Another lily that requires perfect drainage is auratum and its hybrids. I won't buy those anymore either. Cherbourg lasted but one season for me. Any of those yellow orientals are off my list.
Name: Rick R.
near Minneapolis, MN zone 4a
I was one of the first 300 contributors to the plant database! Garden Sages The WITWIT Badge Garden Photography Region: Minnesota Plant Identifier
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Leftwood
May 4, 2012 8:34 PM CST
I'd say it is normal for you this year, Corey. The fact that you have not just one but several (or more) doing the same thing points to an environmental cause(s) common to them all. This might be anything from poor bulb storage by the vendor, bad soil, late planting, dry soil, to soemthing else(?) If you let the flowers develop, you will disappointed by their size, off color and distortions. If it were me, I would remove the buds when you are able. They will be normal next year. Of course, it wouldn't be normal if first year plants attained mature height, either. Big Grin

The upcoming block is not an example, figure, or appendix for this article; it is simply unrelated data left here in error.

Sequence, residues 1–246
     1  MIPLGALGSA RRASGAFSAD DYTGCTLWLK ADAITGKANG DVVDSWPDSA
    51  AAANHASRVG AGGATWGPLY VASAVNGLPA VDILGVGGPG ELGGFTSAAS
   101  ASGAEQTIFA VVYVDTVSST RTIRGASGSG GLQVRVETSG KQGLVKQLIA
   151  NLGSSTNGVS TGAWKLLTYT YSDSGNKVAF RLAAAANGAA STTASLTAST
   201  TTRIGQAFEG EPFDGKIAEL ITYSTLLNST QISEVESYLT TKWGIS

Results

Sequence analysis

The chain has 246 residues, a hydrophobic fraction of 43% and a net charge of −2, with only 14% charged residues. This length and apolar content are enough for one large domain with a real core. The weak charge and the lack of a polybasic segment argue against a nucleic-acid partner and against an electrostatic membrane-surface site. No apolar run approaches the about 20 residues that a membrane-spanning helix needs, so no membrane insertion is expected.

I think we've all had "ridiculous" growth at times. The best thing is to learn from them.
Name: Anthony Gloriosoides[ sure!]
Rosetta,Tasmania,Australia (Zone 7b)
idont havemuch-but ihave everything
Charter ATP Member I was one of the first 300 contributors to the plant database! Region: Australia Lilies Seed Starter Bulbs
Plant and/or Seed Trader Hellebores Birds Seller of Garden Stuff Garden Art Cat Lover
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gwhizz
May 5, 2012 2:19 AM CST